When I started to write the film out, I knew I didn’t want to go into horror — the movie isn’t a horror film. I wanted it to be very violent but have that violence feel very primal, very unreal in a phantasmagoric kind of way. So, I watched movies that felt bigger than the fact and that felt like they were taking me as a spectator into different dimensions. I remember we watched the original Mad Max, Kill Bill, Deliverance… Steven Spielberg’s Duel, which was so minimal and was able to build so much with so few elements. All these movies allowed me to get away from reality and get into building something else.

Does Jen survive at the end?

Yes, for me, she defiantly survives. I like the fact that the end is open like that and, for her, it’s the end of a long journey, after finding the revenge that’s at the end of her journey. In a way, she is reborn and becomes someone else and she escapes her former reality. The reality of her existence doesn’t matter anymore.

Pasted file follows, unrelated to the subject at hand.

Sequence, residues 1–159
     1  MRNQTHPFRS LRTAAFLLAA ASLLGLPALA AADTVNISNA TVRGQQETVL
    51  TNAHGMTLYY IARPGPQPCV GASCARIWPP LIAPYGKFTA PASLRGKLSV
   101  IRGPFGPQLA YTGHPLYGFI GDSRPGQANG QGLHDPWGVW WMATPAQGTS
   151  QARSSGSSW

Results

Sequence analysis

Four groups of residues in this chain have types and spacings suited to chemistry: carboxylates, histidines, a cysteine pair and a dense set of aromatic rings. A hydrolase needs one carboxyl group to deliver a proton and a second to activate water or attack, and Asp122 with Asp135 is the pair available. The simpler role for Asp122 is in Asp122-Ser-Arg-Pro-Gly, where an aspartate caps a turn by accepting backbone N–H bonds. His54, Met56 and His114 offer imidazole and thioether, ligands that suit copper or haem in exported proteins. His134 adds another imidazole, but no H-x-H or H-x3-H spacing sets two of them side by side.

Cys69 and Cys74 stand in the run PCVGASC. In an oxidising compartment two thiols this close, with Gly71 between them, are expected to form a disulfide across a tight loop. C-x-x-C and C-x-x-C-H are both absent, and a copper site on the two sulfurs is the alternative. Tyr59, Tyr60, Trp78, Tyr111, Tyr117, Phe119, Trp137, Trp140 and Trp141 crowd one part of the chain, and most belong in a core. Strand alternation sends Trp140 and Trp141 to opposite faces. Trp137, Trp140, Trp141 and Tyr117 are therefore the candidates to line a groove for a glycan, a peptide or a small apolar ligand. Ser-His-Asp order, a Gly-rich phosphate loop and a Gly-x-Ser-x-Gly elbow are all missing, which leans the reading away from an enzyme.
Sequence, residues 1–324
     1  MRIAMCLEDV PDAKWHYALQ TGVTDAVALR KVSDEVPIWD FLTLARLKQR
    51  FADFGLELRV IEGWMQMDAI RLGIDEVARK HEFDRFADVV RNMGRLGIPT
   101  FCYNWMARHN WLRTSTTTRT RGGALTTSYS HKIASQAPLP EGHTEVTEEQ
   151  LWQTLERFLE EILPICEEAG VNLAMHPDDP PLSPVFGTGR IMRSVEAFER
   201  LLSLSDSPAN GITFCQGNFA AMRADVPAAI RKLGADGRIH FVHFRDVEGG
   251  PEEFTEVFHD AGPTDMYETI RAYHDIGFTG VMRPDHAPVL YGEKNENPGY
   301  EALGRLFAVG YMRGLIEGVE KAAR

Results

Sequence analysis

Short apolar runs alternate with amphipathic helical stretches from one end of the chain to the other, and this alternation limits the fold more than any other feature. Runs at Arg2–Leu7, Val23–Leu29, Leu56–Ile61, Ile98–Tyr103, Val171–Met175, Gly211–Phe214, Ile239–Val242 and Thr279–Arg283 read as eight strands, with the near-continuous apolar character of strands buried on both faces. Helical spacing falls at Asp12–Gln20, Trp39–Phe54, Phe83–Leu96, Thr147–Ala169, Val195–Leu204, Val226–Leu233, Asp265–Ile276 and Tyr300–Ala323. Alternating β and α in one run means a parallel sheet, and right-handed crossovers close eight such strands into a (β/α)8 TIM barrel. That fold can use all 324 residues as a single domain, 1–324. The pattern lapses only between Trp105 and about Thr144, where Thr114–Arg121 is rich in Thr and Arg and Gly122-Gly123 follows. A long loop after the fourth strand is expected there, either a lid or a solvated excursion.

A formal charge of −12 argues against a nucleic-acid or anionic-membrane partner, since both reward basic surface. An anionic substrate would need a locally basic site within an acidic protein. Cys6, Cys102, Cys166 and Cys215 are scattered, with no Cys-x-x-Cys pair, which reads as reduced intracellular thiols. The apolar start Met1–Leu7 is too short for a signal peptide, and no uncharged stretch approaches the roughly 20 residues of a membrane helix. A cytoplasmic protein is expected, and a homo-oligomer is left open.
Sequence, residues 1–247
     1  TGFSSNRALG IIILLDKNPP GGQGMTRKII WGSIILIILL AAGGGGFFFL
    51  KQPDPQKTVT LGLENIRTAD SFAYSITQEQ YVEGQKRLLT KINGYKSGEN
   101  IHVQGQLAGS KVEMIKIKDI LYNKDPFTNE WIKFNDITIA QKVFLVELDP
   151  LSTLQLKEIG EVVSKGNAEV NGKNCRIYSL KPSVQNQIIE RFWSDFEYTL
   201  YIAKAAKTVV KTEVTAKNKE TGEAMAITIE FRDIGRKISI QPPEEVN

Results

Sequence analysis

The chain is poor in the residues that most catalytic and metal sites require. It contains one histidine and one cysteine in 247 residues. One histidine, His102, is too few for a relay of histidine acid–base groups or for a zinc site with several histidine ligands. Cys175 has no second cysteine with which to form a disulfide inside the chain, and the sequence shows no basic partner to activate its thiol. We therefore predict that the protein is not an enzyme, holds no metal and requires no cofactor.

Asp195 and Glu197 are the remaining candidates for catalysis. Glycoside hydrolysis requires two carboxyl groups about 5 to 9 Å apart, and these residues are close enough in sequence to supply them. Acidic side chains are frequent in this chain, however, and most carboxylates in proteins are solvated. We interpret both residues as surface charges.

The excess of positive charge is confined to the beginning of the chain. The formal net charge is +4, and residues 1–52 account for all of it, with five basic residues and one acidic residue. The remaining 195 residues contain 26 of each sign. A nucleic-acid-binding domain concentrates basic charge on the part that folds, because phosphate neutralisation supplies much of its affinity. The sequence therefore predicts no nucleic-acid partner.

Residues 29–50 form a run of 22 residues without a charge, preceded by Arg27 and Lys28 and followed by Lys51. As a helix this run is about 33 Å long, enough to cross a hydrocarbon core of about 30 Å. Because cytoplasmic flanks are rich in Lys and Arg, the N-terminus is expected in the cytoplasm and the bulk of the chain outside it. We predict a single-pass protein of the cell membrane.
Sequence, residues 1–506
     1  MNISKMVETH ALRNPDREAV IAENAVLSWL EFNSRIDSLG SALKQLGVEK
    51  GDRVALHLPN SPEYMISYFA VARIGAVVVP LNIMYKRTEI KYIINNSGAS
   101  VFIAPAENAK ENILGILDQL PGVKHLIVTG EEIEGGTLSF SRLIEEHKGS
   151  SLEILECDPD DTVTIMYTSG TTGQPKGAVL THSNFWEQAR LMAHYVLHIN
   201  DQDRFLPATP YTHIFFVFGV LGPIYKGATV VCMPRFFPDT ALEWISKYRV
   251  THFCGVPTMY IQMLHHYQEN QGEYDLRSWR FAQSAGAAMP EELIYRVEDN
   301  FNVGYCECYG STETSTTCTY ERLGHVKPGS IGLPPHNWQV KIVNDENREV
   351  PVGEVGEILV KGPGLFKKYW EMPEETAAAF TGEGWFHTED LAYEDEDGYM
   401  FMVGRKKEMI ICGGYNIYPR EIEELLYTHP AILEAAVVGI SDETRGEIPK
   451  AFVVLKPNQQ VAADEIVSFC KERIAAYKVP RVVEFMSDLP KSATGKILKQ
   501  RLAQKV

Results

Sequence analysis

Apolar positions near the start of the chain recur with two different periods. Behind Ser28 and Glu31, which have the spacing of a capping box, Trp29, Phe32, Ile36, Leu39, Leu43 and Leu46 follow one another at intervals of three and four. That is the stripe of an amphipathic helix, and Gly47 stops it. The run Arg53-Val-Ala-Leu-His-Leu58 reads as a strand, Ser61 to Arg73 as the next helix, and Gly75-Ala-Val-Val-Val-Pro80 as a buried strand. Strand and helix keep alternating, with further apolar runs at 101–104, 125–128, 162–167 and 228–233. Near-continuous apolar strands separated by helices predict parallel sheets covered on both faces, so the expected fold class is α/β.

I’ve heard some people say they feel like the second half is all sorta her dream.

It definitely can be read that way. Part of her entirely dies on that tree. When she wakes up, she’s totally reborn. When I was working on the writing and editing of that scene, I was using a lot of symbolical images… when she falls on the tree, it’s like a crucifixion and her old self is dead and there is a new self that is born.

What are you working on next?

For now, I’m writing a new feature film. It’s still in the beginning and I’m circling around different ideas, finding the right door for me to connect to the story.

There’s also a number of projects that are coming in from the States, for directing — namely TV or commercials. But I fancy myself only going on material that I can really respond to. I know that I need to be totally passionate in order to do something that’s going to last two years. But going through those doors are definitely really interesting, so I keep reading things I have been sent.  Though, I do hope my next feature will be the one I’m writing right now.

Does it feel very different from Revenge?

It’s too soon to talk about the subject but I think it’ll be a violent way of telling that story. I love genre, and my next movie will still be a genre film, but in a different kind and it will share a lot of my obsessions that I see in everything I make.

What are they?